Arguably, organizations are structured in various ways depending on the aims and objectives they want to achieve. To some degree, the organizational structure influences the organizational process in an organization. In this case, the term ‘organizational structure’ is used in reference to both the horizontal and vertical linkage of authority, departments and jobs within an organization, (Chuck, 2006). On the other hand, organizational process refers to the activities that take place in the process of changing inputs into outputs that are valued by clients. The main aim of this essay is to analyze the relationship between organizational structure and organizational process. Organizational structure will also be analyzed in detail by examining functional departmentalization as an example. To clearly show the meaning of “organizational structure”, Microsoft serves as a good example. In terms of vertical structure, Bill Gates is the Chairman and founder of the company. Below him is Steve Ballmer who is the CEO of the company. Down the line are three division presidents answerable to Ballmer. Following are a number of vice-presidents who have been put in charge of different operations. All these people undertake different activities in the company in the attempt to meet the needs of the customers.
Admittedly, organizational structure and organizational process go hand in hand. The structure of an organization clearly indicates who is responsible for what as well as who reports to whom. Therefore, the structure assists or rather defines the activities that are to be undertaken within an organization at a given time in a given manner so as to address a problem at hand. Notably, organization process derives its objectives from the structure in place. Harold & Heinz, (2006) assert that, information is very crucial in this case; mainly because organization process takes place in order to address a certain issue. It will be difficult to effectively tackle such issue if there is no enough information. For instance, Microsoft relies on the feedbacks from customers in producing various software. As such, organization process depends on the organizational structure and it becomes difficult to undertake the process if there lacks a clear structure within the organization.
To effectively undertake operations in an organization, departmentalization becomes inevitable. According to Charles, & Raymond (2003), there are various types of departmentalization, whereby functional departmentalization is an example. Functional departmentalization categorizes various activities within an organization according to the functions that are to be carried out. To be more specific, it is the arranging of work and the workforce into separate units in charge of particular functions or sections of expertise. Best examples of this kind of departmentalization are that which is found in most Advertising Agencies and Insurance companies, (Chuck, 2006). Both organizations have different departments such as, sales, accounting, and human resource.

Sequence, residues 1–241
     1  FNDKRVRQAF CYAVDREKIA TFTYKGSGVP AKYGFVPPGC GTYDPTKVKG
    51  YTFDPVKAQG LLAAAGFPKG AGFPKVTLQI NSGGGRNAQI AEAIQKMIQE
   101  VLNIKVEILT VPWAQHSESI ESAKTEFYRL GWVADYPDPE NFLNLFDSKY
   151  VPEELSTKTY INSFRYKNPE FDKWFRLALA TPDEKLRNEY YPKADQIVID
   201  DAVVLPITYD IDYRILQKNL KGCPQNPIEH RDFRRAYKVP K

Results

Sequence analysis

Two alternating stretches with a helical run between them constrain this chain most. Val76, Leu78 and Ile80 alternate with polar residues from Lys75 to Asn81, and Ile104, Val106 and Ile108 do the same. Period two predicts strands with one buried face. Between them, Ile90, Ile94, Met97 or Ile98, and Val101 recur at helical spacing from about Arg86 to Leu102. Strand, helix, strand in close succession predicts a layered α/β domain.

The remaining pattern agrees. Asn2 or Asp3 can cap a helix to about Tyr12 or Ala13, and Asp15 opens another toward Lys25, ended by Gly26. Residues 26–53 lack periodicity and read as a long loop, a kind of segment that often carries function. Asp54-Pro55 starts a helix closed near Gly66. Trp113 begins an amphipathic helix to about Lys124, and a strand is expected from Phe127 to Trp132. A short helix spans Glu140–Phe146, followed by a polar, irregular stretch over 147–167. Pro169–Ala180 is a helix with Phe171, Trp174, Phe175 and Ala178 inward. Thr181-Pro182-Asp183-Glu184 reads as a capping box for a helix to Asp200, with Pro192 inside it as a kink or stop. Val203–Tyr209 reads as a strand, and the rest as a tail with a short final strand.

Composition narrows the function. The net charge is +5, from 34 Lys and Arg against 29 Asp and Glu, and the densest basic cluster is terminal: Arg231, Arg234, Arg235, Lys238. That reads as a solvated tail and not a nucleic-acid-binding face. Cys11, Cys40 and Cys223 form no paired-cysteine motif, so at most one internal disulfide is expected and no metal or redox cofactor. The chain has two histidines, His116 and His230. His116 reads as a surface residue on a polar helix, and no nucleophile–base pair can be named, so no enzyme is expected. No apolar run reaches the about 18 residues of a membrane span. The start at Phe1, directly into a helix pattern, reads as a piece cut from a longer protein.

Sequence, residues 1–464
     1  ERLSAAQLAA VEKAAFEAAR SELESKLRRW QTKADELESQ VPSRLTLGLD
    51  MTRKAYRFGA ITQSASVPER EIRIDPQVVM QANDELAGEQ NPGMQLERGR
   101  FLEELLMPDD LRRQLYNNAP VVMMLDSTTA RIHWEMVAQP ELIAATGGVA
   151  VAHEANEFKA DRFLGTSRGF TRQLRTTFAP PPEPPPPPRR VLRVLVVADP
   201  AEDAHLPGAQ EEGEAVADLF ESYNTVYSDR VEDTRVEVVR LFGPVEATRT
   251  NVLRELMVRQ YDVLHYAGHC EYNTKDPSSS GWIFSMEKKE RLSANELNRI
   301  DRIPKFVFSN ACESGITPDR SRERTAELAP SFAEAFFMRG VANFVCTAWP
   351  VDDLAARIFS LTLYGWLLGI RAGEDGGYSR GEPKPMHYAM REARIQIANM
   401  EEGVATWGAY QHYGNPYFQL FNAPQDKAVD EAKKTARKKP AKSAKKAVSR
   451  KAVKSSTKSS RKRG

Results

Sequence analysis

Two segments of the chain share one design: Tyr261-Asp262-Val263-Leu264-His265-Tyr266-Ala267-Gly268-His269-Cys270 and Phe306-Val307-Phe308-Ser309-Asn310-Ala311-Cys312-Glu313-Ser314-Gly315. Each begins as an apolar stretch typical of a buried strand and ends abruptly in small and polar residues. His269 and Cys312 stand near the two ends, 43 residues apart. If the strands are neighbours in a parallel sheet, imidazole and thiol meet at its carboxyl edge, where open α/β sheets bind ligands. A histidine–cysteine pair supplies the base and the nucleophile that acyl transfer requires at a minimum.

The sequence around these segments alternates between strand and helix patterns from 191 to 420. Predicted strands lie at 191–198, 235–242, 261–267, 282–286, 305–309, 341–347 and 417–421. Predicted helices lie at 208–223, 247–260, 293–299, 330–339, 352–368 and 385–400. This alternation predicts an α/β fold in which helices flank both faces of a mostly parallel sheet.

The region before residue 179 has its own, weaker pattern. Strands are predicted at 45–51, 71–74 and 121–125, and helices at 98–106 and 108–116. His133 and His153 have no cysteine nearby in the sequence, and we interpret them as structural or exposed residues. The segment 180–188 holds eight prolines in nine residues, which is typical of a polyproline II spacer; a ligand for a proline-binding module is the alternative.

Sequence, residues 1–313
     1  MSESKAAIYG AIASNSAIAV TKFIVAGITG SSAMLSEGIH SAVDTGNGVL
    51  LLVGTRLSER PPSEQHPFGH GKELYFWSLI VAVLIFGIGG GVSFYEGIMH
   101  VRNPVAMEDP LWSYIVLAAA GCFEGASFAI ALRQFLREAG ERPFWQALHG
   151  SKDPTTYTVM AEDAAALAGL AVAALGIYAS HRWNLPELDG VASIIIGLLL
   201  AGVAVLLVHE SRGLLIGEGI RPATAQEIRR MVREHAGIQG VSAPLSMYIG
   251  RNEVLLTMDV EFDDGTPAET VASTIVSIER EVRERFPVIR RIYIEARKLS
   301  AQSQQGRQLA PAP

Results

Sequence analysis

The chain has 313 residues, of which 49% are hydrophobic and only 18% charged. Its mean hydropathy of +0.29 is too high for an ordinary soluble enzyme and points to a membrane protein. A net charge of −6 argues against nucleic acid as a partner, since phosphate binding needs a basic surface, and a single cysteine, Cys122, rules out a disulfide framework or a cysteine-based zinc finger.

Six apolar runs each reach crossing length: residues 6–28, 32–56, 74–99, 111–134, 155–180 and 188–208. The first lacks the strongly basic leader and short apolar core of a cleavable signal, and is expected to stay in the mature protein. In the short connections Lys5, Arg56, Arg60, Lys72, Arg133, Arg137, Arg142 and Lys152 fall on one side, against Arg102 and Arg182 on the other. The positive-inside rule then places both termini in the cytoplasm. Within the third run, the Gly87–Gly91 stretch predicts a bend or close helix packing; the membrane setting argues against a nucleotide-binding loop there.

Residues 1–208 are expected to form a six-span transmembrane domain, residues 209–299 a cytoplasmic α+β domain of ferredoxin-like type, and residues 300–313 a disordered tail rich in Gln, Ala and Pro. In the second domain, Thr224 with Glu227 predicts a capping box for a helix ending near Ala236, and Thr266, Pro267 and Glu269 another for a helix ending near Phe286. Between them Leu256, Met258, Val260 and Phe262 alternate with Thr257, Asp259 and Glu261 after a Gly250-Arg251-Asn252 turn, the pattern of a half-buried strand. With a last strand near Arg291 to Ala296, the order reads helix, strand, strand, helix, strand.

For Some of the strengths of functional departmentalization include: firstly, it facilitates in-depth specialization; secondly, it makes coordination in the functional vicinity a bit easy; thirdly, the top management is usually in control as directions are easily followed, and lastly, it enhances increased efficiency which results from putting together alike area of expertise and people with universal know how and skills. However, functional departmentalization has its own weaknesses, (Richard, 2007). Firstly, it is argued that there is poor communication across the functional areas. This is generally because there may be or rather it limits the establishment of clear communication channels across the functional lines across the functional areas. Secondly, there are chances that there will be a limitation in the view of the goals of the organization. Lastly, response to external changes for instance innovation may not be effective.
Charles, C. S & Raymond, E. M. (2003). Organizational Strategy, Structure, and Process. Stanford: Stanford University Press.
Chuck, W. (2006). Management. Washington: Thomson South-Western.
Harold, K & Heinz, W. (2006). Essentials of Management. Washington: McGraw.
Richard, L, D. (2007). Management. New York: Cengage Learning.